Managing Regulative Community Relationships

The introduction of the new technology has created a massive change in the global educational system. As of the present time, the proprietary educational industry is the trend in the academic arena. As clearly mentioned, the Internet is most commonly utilized for this reason. Academic companies who opt to provide educational services and gain amiable profit at the same time take advantage of this opportunity that is provided by technological revolution. In fact, “proprietary colleges are considered a cost efficient mode of course delivery” (NEA, Internet).

To be able to have a fine share in the educational industry, which brings the proprietary educational companies with the profit that they ought to have, the regulations for the said system are strongly imposed by the government and some organizations that control them. This is to be able to ensure that the education provided by such companies is considerably of high level, amidst the profit-centered motives that they have towards the services that they provide the students who are enrolled in their curriculum offerings.

In this regard, it could be noted that the regulations created for this type or proprietary companies tend to allow the developmental measures that could be taken into consideration. By being able to further develop their systems of employment as well as their class offerings that are open to the public, they are allowed to balance both their services and their profit share in the market. In comparison with the less stringently regulated industries such as the ones found in the internet (e.g. Amazon.com), proprietary education industry is able to attract an ample amount of market share in the educational industry which in a way, helps them attain the profitable goal that they have aimed upon creating the virtual educational institutions.

Among the regulations that controls the proprietary educational companies’ activities is the corporate citizenship. This is a regulation that indicates that companies that provide public service, such as education, should have “a shift from a paradigm of doing no harm as one of adopting a role for a positive good (Tuck, Internet). This means that an educational company found in the virtual world must not only see to it that they are doing no harm to their clients but they are also able to provide their ‘stakeholders’ with the ample service that they give, which refers to the positive good of the corporate missions.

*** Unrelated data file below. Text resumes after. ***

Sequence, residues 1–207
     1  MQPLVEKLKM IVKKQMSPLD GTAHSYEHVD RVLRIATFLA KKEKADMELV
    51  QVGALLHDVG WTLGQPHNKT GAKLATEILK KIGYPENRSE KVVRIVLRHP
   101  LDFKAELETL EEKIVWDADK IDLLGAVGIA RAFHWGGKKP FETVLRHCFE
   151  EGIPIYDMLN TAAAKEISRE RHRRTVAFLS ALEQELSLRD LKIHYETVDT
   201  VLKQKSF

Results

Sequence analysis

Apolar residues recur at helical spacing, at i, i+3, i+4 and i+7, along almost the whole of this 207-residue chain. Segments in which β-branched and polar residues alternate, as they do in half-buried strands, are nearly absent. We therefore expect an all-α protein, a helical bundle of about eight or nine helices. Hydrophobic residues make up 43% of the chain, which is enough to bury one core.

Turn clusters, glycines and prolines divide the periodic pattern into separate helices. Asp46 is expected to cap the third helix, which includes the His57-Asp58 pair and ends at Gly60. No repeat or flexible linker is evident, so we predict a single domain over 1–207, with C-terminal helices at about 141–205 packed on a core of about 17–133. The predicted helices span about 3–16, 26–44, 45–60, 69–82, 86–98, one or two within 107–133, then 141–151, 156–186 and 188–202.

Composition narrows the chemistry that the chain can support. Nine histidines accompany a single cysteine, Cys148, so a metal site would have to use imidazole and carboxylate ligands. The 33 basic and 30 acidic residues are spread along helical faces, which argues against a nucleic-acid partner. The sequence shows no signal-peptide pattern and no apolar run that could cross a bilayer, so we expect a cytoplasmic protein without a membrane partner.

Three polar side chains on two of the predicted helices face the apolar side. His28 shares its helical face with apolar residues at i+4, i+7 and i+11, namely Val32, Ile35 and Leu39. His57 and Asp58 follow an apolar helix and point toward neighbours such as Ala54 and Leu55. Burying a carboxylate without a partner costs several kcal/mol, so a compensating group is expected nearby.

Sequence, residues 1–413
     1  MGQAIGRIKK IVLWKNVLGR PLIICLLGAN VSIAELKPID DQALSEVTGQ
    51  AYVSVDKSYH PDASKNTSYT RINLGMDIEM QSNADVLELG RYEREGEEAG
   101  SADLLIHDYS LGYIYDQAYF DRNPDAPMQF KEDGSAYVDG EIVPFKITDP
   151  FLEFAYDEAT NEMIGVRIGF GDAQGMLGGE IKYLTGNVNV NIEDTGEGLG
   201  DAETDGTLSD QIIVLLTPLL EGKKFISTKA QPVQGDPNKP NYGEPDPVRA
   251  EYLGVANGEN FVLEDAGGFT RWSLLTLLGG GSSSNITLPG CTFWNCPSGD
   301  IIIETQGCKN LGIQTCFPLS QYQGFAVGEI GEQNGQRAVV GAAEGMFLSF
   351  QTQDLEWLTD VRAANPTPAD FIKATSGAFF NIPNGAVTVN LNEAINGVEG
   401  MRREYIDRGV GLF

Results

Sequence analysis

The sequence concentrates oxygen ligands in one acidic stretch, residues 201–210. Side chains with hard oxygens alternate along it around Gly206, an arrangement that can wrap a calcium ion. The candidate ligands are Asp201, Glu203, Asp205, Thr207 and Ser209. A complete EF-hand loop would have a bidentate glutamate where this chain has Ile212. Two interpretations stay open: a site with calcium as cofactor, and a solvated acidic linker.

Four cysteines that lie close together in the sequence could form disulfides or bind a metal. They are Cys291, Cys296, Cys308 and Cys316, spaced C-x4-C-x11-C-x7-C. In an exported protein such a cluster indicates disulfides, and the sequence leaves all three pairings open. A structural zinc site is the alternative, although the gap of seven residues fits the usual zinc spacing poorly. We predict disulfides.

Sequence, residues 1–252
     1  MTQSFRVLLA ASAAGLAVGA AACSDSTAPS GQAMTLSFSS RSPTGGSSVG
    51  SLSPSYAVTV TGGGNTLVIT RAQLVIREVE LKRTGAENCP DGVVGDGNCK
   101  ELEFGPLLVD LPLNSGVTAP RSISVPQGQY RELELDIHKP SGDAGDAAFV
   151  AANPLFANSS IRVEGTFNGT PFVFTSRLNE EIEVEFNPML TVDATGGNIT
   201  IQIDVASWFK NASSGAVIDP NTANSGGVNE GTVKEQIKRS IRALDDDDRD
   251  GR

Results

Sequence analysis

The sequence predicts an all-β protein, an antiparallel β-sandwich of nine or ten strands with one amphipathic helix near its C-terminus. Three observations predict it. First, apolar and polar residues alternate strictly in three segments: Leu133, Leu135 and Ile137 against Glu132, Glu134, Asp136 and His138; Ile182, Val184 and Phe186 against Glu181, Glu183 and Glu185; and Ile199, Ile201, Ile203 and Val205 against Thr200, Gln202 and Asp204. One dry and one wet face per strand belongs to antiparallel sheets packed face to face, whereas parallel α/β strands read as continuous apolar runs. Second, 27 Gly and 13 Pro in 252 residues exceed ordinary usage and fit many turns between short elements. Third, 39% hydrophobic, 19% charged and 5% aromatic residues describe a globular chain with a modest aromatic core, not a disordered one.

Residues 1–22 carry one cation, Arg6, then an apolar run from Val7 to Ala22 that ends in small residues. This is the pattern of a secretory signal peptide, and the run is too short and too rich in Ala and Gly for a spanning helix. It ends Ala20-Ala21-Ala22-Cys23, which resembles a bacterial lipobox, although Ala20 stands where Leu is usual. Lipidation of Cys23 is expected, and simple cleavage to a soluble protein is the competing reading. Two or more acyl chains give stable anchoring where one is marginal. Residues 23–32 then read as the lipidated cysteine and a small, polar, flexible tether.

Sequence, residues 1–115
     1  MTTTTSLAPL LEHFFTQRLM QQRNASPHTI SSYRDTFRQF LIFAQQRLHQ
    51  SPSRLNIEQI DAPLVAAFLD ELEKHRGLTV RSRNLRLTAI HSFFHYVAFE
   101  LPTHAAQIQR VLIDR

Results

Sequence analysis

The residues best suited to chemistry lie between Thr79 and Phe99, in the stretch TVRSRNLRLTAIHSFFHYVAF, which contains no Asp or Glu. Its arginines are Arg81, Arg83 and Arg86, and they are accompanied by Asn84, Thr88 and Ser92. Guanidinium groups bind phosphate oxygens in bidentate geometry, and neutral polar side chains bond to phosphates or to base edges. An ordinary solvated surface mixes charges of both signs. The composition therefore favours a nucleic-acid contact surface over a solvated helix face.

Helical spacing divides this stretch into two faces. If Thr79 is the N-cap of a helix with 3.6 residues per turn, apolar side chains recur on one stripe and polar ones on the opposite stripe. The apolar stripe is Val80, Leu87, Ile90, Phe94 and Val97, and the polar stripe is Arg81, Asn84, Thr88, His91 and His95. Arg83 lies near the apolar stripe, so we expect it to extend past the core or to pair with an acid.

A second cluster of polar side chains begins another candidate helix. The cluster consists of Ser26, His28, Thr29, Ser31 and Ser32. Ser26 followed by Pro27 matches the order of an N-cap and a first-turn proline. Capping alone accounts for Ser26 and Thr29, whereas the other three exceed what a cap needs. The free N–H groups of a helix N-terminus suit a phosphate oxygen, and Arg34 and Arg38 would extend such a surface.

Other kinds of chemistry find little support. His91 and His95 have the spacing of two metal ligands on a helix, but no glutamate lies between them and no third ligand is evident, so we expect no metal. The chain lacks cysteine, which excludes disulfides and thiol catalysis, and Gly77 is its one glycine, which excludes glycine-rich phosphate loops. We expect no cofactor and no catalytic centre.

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As a result, many students are further attracted to the system of education that virtual universities or colleges offer. Certainly, the convenience that it brings the students is highly motivational for young students or even professionals who would like to learn more to take advantage of the course offerings provided by the said type of educational provisions. However, the profit-oriented goals of the company at times redefine the service that these educational companies are providing their clients.

Wanting to actually earn an amiably high amount of returns from the effort that the administrations put forward for organizing such types of institutions over the net, they are usually grabbed away from the excellent educational service that they are expected to provide their students. Hence, as a result, the financial stability that could ensure the company’s future existence in the proprietary educational industry is dimmed and less given attention.

As known to many, the risks in any kind of industry changes over the years. This is why Lucy Benholz has pointed out in one of her articles that “foundations from different regions and sizes have found that building strong relationship with the policy makers when times are good will afford them some access to the resources that are further stretched on all sides”(Internet). This mainly points out the fact that as the policies and regulatory systems of the industry changes over time, it would be helpful for the companies to develop close relationships with the policy makers.

This way they are able to earn for themselves an access to the provisions and resources given by the regulatory board creators to help them readjust their systems and still be able to attain the profit-centered missions of the company. If this is not considered by the administration, it could be well expected that the company would have a hard time dealing with the adjustments that has to be done and in later times, it would not be impossible for the virtual company to loose its track and be eliminated in the proprietary educational industry.

BIBLIOGRAPHY

Tuck, Jackie. (2005). Managing community relationships, reputation and sustaining competitive advantage. School of Business University of Ballarat. http://www.latrobe.edu.au/csrc/fact2/refereed/tuck_lowe_mccrae.pdf. (January 3, 2007).

NEA Research Update. (2004). Proprietary Education: Threat, or Not? http://www2.nea.org/he/heupdate/images/vol10no4.pdf.  (January 3, 2007).

Bernholz, Lucy. Managing up in down times. http://www.blueprintrd.com/text/managingup.pdf. (January 3, 2007).

 

 

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